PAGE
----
At the door
There all kinds who come to my door: those delivering and those picking up, some who are buying and others who are selling, folks we are expecting and some we are not. But, there is one group of people that are unique.
I know what you’re thinking, I’ve been there myself. There have been times, most of the time if I’m being honest, that I was less than thrilled to find a person or two stating they were Jehovah’s Witnesses standing at my door. I already knew the Lord, and their timing was usually less than ideal, seemingly throwing an awkward wrench into my day. And, while I would visit briefly and allow them to share their message, beyond that I kept our conversations limited.
But, this latest group has been a welcome relief to me when they show up on my doorstep every other month. Two visits ago my grandmother had just died, and when they asked if I had a few minutes I honestly answered that I didn’t at that time. They offered their condolences, handed me their monthly pamphlet with a verbal note that it had an article on grief inside, and were gone.
On their last visit my kids and I were just wrapping up shampooing carpets unexpectedly after our outside dog came in and used our house as her outhouse. The timing was probably not ideal, but their message must have been exactly what I needed to hear, as it has stuck with me since. After a half hour or so, they left, and I went on with my day.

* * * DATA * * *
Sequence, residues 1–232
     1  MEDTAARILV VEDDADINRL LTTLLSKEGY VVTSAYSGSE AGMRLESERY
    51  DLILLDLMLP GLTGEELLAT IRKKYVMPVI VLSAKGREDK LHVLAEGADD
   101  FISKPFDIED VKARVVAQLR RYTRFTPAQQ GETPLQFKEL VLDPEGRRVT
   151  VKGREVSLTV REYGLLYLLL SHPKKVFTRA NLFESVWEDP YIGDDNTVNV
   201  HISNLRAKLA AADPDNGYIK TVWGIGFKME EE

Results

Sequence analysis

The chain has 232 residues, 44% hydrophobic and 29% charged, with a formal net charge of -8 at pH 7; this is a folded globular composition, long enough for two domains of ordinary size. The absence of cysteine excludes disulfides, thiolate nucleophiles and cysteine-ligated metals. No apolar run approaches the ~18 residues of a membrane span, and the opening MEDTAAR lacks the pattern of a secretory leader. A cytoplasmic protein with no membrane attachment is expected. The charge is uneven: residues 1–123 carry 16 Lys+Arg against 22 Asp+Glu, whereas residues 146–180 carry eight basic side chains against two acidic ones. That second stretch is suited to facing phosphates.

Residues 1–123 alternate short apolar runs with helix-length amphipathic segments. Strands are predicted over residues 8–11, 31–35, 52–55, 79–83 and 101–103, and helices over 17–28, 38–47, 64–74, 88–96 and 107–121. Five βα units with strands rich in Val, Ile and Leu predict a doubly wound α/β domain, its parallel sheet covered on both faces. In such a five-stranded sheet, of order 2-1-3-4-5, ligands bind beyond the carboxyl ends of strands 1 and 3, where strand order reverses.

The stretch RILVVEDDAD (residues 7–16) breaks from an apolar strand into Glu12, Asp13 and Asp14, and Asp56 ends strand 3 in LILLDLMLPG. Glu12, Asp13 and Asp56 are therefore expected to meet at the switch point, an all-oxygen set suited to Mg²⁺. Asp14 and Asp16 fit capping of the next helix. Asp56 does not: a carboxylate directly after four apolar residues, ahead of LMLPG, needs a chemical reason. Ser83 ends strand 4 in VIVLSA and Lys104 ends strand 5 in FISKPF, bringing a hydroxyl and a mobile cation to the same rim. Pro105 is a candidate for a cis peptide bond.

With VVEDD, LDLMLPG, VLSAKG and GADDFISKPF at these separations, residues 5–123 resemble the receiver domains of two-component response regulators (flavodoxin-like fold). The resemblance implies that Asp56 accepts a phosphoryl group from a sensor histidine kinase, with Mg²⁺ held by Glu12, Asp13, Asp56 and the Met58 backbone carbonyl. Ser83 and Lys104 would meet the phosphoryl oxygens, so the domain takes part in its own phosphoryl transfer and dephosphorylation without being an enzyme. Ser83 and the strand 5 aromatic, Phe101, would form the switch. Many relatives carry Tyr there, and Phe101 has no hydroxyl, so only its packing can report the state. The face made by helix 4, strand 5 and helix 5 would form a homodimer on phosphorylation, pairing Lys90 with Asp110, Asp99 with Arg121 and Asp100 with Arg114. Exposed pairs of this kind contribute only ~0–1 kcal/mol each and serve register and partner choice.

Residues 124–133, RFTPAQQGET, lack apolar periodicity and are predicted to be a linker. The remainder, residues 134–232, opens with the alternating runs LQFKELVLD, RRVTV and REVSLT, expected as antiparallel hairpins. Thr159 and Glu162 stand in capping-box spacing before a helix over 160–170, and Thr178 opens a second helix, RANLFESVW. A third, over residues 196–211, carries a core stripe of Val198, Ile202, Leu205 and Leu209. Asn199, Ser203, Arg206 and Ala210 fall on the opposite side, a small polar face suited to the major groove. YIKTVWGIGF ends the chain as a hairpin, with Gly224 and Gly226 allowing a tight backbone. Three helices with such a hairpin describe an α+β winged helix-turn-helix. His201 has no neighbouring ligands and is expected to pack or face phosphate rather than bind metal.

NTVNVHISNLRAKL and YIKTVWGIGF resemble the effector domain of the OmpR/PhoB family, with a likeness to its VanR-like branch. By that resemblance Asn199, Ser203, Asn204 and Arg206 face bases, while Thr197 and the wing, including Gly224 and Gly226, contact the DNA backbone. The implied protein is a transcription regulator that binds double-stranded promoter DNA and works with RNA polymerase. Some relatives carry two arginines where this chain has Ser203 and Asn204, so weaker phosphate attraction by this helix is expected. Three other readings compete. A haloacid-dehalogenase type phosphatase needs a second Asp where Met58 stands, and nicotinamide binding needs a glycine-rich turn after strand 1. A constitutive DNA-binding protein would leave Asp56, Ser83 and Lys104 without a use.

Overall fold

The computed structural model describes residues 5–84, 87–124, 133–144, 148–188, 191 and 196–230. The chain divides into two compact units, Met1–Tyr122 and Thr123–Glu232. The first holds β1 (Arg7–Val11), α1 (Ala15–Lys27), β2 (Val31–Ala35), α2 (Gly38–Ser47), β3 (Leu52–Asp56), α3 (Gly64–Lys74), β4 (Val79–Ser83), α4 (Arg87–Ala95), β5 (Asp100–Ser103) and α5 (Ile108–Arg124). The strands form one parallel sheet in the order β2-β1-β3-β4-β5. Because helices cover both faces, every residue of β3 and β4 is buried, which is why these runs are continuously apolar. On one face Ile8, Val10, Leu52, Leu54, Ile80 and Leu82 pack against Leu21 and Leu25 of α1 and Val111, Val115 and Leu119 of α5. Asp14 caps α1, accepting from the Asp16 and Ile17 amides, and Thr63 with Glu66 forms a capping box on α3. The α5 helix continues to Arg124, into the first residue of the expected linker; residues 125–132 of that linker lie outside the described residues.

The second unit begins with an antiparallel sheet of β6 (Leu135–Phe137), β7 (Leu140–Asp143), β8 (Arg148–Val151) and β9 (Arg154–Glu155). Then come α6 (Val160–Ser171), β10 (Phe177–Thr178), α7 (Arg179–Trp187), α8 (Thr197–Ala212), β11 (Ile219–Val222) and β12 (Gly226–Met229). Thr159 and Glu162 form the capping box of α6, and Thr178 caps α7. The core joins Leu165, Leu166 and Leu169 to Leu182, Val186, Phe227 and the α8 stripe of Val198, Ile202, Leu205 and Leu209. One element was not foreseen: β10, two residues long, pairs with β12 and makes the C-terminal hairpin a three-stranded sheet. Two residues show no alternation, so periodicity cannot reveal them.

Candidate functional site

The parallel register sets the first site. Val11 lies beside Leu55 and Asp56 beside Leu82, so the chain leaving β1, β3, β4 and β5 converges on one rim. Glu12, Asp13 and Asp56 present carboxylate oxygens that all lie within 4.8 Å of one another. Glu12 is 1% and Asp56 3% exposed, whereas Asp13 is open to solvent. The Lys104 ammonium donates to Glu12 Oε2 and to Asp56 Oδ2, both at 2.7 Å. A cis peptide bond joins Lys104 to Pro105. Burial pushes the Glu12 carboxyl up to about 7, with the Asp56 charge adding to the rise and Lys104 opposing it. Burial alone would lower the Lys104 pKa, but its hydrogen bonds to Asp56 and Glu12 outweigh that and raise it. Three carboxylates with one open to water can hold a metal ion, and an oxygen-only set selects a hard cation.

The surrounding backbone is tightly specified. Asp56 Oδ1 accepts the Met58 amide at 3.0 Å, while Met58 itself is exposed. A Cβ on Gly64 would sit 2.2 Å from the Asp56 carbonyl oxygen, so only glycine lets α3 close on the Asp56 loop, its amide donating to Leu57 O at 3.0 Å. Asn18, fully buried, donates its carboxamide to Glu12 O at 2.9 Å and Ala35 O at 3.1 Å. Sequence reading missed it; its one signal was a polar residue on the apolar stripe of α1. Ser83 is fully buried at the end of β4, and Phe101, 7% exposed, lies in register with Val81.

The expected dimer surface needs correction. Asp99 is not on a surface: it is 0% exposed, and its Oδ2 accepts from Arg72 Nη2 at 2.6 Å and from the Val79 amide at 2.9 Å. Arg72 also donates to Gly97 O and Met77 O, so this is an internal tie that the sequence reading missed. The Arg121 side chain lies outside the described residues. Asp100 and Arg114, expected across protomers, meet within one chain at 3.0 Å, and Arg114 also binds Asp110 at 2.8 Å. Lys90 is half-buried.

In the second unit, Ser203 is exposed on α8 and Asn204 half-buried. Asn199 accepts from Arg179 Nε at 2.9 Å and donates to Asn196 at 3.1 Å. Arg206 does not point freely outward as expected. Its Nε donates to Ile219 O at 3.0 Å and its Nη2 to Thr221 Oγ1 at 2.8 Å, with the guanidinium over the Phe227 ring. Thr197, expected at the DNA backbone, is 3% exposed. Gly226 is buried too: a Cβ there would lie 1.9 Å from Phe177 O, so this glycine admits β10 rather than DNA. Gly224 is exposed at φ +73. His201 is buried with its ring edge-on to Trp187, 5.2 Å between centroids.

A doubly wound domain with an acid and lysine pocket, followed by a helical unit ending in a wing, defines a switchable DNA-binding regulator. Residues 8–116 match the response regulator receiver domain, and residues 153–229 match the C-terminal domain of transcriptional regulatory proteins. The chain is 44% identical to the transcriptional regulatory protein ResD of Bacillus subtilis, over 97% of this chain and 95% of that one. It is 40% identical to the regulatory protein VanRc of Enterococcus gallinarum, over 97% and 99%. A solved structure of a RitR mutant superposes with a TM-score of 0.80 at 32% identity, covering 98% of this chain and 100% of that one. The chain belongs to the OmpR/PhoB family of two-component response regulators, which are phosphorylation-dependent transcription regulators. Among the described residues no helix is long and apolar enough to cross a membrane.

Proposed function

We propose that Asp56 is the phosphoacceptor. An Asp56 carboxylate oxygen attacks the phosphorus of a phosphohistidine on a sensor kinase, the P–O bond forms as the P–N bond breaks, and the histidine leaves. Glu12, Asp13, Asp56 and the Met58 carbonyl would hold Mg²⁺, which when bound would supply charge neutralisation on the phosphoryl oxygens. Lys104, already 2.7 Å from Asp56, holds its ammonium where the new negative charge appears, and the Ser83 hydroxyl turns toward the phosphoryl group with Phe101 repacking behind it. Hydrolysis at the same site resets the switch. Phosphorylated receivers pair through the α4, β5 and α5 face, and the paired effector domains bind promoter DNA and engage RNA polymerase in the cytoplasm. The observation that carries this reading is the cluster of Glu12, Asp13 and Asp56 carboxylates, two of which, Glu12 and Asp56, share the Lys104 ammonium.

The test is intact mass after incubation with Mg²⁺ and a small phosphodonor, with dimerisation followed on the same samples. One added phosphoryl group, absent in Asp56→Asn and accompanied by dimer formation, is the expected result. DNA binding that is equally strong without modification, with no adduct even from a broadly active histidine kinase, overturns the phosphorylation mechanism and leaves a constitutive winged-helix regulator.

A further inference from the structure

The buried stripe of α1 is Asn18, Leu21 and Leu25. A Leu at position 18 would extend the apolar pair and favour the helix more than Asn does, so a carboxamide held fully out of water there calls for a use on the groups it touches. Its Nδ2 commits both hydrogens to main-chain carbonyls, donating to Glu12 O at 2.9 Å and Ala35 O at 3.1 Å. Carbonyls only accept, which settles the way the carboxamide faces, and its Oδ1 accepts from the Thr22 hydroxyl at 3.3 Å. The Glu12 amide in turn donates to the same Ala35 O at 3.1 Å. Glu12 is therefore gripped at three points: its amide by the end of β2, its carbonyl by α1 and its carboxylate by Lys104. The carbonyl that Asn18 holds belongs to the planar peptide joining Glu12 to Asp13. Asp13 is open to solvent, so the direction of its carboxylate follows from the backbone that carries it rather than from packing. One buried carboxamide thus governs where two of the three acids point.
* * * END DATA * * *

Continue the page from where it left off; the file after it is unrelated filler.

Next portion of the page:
But, in the days and weeks since that visit, it has struck me that Jehovah’s Witnesses are the only people who come to my door specifically to talk to about Jesus, the Bible and getting to heaven.
I have given that fact a lot of thought.
It cannot be easy to approach a stranger and share your beliefs on a regular basis. It isn’t always easy on an unregular basis in my experience.
I don’t always agree with how they interpret some things, but they make me think. They are unfamiliar with the New King James version of the Bible, but comparing verses also reminds me that it is significant which version of the Bible I choose to study. On their last visit they asked about the Lord’s prayer, and come to find out that is the same between them and I.
I’m not suggesting everyone needs to roll out a red carpet every time a religious group pulls in the driveway. Rather, I now find myself paying much closer attention to who is coming to my door and what they are giving or taking away from my home and family. This new perspective has led me to the decision that if someone at my door refocuses my day on the Lord, they are deserving of a few minutes of my time, whether I find it convenient and comfortable, or not.
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